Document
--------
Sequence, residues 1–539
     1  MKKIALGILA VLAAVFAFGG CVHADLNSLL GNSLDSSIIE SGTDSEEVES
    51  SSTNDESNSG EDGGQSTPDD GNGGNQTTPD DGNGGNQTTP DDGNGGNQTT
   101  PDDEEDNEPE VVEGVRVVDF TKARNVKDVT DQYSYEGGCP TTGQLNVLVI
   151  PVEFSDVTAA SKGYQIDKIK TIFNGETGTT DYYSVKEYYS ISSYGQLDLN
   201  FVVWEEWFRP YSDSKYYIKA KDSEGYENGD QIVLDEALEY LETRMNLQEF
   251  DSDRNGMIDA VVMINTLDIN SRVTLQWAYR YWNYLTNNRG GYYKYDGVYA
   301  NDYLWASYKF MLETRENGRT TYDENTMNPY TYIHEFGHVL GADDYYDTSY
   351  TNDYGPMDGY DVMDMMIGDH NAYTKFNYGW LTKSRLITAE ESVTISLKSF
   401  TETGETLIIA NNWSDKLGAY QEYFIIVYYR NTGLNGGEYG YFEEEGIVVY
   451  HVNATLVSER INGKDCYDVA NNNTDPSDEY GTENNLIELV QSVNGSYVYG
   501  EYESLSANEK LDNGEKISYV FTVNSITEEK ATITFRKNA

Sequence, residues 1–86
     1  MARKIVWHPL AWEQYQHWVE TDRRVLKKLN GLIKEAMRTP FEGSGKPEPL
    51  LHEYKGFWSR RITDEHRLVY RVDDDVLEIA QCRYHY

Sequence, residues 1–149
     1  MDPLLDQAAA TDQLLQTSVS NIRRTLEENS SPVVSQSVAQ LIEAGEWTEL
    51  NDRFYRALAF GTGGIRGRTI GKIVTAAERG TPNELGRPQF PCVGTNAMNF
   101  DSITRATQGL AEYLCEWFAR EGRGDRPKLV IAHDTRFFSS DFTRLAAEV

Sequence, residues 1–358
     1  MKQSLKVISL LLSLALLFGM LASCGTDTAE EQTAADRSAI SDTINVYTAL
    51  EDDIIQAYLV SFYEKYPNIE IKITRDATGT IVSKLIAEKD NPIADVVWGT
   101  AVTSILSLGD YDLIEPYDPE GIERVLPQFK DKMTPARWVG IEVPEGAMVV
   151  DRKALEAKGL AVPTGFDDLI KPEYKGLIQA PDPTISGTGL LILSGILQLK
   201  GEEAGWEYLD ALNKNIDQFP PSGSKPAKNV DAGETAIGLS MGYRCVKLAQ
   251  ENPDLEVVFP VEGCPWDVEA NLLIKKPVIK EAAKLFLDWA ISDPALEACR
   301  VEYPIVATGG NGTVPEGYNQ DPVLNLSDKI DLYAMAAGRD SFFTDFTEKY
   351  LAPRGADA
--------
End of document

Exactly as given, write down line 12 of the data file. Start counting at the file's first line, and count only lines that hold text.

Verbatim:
   501  EYESLSANEK LDNGEKISYV FTVNSITEEK ATITFRKNA